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Reforming the Electoral College

Friday, October 29, 2004; Page A22

In his Oct. 21 op-ed column, "Electoral Fixes," David S. Broder discussed the merits and demerits of the electoral college and every alternative except one: the method used by Maine and Nebraska to allocate their electoral votes. Their method is to give two votes -- those that the states get for their senators -- to the winner of the statewide vote and one vote to the winner of each congressional district. This is superior to the winner-take-all rule or to direct election.

The Maine approach, if applied elsewhere, would encourage candidates to campaign across the nation. And it would not disenfranchise huge blocks of votes in individual states.

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President Bush was awarded all of Florida's votes even though he got less than 50 percent of the popular vote. On the other hand, huge numbers of Republicans in New York, California and Illinois are disenfranchised in many elections. The Maine rule would not encourage splinter parties or fraud. In particular it wouldn't encourage an Al Gore to ask for a recount in counties where he won big in the hope that his party's workers could mine enough additional votes to win the state and all of its electoral votes. Such a stunt would win him at most two more votes, probably not enough to make a difference.

Finally, I note that the rule used in Maine and Nebraska is perhaps the only alternative to what we have that does not require a constitutional amendment.

Clearly, not only is winner-take-all not in our interest, because it can give us fiascos such as Florida in 2000, but it also is a gross violation of one man, one vote. The Supreme Court has determined in other contexts that the equal pro- tection clause requires one man, one vote. Perhaps the court can be convinced that winner-take-all is no longer an acceptable method of allocating a state's electoral votes.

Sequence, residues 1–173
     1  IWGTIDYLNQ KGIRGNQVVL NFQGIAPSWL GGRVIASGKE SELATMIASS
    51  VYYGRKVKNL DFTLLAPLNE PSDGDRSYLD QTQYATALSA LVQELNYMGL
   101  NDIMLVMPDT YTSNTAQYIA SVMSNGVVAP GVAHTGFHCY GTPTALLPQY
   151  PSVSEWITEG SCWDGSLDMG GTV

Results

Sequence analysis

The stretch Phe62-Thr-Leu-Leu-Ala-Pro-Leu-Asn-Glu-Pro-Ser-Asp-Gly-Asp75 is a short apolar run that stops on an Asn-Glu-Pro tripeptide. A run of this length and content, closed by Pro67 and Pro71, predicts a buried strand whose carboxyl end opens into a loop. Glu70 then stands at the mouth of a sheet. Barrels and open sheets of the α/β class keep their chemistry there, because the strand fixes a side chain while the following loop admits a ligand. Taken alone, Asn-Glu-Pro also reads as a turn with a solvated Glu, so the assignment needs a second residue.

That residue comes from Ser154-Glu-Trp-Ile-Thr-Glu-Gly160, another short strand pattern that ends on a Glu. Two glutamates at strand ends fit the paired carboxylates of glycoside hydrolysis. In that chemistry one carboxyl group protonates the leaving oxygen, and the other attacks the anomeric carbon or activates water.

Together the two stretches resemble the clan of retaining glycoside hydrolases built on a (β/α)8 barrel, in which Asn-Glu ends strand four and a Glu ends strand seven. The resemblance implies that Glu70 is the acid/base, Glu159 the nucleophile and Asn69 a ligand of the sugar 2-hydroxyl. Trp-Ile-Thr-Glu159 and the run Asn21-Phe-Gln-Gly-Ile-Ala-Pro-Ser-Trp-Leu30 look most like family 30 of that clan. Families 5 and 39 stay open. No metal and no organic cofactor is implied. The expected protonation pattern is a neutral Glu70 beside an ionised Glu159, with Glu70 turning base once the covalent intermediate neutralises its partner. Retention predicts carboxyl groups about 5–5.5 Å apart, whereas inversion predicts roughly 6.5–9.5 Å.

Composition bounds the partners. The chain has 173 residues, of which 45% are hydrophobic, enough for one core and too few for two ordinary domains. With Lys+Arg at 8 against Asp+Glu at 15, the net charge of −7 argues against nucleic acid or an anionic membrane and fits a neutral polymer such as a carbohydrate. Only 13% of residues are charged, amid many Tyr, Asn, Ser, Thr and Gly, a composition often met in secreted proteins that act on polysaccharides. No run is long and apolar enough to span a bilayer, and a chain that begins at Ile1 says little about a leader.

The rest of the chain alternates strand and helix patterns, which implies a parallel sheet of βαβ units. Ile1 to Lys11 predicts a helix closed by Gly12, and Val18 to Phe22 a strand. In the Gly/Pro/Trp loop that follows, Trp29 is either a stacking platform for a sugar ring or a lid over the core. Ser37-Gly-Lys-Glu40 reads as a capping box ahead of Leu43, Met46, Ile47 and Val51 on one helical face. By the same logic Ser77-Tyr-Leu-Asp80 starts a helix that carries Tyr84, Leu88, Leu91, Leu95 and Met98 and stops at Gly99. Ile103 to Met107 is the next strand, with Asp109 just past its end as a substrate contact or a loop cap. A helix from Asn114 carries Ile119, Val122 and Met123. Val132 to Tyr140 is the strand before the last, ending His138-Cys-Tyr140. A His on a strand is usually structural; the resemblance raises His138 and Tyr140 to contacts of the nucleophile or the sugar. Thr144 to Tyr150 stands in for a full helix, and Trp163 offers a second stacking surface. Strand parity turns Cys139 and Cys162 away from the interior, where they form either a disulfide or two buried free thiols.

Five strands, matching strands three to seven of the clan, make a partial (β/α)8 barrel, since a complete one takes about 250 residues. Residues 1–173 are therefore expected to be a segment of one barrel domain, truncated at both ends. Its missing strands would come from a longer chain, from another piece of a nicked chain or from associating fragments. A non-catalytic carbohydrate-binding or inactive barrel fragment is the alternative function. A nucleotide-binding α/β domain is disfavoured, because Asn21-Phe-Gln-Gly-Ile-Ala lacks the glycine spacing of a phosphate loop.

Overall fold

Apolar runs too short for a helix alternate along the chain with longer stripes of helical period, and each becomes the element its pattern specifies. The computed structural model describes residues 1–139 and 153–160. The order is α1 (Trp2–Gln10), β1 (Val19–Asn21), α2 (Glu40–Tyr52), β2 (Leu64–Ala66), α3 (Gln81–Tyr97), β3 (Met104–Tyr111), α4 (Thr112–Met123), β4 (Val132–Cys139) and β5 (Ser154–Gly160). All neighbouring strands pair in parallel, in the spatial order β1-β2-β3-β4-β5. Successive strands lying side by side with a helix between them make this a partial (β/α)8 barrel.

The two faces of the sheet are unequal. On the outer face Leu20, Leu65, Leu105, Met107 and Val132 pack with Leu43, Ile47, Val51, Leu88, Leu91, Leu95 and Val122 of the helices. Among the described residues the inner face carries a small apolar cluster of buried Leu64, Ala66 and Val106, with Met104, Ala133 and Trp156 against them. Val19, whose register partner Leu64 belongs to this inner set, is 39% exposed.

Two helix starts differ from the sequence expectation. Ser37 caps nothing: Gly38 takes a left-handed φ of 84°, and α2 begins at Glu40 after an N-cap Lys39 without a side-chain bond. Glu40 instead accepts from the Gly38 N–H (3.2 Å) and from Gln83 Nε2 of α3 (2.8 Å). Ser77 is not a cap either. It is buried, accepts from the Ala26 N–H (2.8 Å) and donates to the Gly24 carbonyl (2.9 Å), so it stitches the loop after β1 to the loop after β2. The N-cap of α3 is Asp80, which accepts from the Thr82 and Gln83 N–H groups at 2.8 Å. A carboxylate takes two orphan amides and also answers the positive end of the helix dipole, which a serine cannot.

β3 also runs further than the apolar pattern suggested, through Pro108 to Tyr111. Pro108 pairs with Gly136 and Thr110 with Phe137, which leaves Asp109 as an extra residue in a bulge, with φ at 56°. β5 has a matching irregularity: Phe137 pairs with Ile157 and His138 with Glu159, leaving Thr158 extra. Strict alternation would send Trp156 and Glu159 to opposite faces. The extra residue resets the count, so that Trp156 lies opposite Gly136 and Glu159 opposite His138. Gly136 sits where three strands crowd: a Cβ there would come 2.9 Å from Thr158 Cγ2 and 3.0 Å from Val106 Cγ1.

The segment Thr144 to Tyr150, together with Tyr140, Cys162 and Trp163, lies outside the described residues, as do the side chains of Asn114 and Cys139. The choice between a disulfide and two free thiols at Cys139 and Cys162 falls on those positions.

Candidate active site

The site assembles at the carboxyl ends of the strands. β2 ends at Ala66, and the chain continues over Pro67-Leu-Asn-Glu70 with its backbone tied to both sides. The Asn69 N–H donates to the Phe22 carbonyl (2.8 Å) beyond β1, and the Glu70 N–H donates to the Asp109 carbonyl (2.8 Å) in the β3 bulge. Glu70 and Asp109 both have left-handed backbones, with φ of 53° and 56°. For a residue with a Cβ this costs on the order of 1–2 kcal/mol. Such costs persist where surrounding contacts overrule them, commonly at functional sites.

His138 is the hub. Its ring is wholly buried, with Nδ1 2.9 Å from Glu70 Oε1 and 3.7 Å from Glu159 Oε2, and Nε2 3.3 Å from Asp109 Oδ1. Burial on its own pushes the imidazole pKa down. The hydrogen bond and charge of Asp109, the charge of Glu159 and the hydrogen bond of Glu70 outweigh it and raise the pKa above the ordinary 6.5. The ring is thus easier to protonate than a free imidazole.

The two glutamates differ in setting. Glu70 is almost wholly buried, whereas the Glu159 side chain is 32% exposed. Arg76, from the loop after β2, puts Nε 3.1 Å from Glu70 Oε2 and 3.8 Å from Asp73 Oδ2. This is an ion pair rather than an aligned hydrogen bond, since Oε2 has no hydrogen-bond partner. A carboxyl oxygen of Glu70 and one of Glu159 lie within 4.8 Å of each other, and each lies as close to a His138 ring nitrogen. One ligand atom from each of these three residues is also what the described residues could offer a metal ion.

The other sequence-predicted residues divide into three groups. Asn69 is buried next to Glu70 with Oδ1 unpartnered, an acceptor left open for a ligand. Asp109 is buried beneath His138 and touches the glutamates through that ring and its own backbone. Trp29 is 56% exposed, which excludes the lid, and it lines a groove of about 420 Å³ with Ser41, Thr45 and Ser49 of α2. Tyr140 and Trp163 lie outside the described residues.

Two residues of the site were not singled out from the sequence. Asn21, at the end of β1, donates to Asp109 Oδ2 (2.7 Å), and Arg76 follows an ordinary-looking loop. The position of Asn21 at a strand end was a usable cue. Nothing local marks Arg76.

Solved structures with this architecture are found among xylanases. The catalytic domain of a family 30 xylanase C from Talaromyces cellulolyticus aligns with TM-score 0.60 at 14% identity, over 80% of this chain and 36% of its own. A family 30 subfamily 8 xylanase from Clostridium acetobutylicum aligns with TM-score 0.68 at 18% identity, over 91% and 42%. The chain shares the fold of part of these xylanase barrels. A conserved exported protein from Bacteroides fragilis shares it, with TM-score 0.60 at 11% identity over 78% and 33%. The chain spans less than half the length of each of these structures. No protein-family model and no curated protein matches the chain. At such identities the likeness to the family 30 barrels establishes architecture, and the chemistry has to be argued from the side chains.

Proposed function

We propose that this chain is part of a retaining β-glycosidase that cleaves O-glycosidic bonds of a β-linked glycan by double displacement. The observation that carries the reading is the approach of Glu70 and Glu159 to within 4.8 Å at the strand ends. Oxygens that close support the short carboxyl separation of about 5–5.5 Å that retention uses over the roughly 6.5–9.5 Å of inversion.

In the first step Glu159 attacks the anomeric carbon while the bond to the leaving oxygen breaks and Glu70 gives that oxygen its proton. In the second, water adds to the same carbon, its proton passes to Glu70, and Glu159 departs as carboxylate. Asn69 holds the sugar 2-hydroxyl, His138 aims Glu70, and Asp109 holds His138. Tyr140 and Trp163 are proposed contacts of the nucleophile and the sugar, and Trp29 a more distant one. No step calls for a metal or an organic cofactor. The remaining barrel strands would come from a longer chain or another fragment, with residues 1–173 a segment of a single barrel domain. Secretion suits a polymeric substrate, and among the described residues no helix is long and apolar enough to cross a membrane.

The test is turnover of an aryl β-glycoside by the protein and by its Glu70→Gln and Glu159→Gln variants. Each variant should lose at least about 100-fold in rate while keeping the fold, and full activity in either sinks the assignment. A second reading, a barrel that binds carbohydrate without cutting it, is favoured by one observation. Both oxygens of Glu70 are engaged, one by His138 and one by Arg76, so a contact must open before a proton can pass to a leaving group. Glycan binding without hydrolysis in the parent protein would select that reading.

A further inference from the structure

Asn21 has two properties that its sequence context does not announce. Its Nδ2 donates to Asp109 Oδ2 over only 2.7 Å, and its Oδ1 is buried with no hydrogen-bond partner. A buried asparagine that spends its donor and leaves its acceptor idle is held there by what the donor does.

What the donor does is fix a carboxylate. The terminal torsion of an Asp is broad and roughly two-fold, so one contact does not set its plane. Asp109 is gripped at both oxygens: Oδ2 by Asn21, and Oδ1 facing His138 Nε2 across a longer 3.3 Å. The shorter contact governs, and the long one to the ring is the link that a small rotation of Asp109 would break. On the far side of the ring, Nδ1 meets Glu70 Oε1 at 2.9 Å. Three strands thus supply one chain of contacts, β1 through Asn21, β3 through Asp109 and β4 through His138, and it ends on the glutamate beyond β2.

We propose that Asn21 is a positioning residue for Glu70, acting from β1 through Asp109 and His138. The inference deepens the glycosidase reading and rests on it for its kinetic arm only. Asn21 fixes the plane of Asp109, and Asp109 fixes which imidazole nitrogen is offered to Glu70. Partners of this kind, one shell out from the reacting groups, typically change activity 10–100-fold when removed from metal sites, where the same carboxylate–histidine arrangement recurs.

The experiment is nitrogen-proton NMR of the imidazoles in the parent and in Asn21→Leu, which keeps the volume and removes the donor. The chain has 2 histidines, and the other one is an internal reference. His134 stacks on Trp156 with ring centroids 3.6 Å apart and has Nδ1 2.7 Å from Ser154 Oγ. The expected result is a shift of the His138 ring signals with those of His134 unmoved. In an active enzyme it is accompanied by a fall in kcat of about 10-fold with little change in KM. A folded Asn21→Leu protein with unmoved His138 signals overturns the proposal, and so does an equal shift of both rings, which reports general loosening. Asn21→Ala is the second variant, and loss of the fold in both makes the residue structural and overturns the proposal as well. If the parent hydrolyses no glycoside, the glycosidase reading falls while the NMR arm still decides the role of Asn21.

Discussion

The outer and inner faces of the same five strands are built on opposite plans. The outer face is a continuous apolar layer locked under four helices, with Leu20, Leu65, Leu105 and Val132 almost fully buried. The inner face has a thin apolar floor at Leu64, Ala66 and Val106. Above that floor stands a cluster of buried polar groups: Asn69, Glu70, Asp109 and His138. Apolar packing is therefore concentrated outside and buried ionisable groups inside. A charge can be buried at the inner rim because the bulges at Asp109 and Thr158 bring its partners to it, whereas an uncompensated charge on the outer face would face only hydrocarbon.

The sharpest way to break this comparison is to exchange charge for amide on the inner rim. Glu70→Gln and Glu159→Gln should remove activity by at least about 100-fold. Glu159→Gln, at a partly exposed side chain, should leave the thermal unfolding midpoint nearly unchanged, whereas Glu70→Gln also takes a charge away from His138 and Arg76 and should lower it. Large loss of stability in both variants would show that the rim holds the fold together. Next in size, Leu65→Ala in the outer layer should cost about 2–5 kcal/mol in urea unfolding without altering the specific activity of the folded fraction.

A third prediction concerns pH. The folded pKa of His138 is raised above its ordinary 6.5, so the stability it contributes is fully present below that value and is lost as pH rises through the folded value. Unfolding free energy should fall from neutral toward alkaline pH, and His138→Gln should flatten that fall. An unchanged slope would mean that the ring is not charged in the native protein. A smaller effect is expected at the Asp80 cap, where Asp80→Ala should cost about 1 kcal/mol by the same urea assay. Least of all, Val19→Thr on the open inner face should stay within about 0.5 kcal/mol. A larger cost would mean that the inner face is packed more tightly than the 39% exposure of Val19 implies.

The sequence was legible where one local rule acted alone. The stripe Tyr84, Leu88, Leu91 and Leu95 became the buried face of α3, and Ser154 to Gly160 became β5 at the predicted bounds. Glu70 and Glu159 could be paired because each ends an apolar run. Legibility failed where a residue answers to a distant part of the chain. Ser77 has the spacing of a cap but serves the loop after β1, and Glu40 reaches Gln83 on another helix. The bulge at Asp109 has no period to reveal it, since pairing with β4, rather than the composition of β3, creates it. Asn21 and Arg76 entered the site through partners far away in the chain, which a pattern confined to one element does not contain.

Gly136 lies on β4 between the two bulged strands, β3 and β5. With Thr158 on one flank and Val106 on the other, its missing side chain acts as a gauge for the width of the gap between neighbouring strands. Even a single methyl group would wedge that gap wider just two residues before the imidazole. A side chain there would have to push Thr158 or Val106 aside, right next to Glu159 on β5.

ROBERT C. RICHARDS

Sanford, N.C.

Praise to David S. Broder for discussing the important subject of the Constitution's highly flawed electoral college method for presidential elections.

I believe the Constitution should be amended to award each state's electoral votes proportionally to its popular vote, with some minimum percentage popular vote needed -- say 5 percent -- to get any electoral votes.

The amendment might have to include some additional tinkering to make it highly probable that one of the candidates would achieve a majority in the electoral college even when a third-party candidate picks up some of the electoral vote. If such modification doesn't prove feasible, I suspect that direct election of the president would still be better than the current system.

Also, it would be great to get rid of the "bonus" -- Mr. Broder's word -- two electoral votes each state gets for its two senators. The bonus seems contrary to the principle of one man, one vote, because less populous states get the same bonus votes as more populous ones. Unfortunately, it seems politically impossible to amend the Constitution to do away with the bonus, because smaller states are likely to oppose such a change.

PAUL REINSTEIN

Rockville


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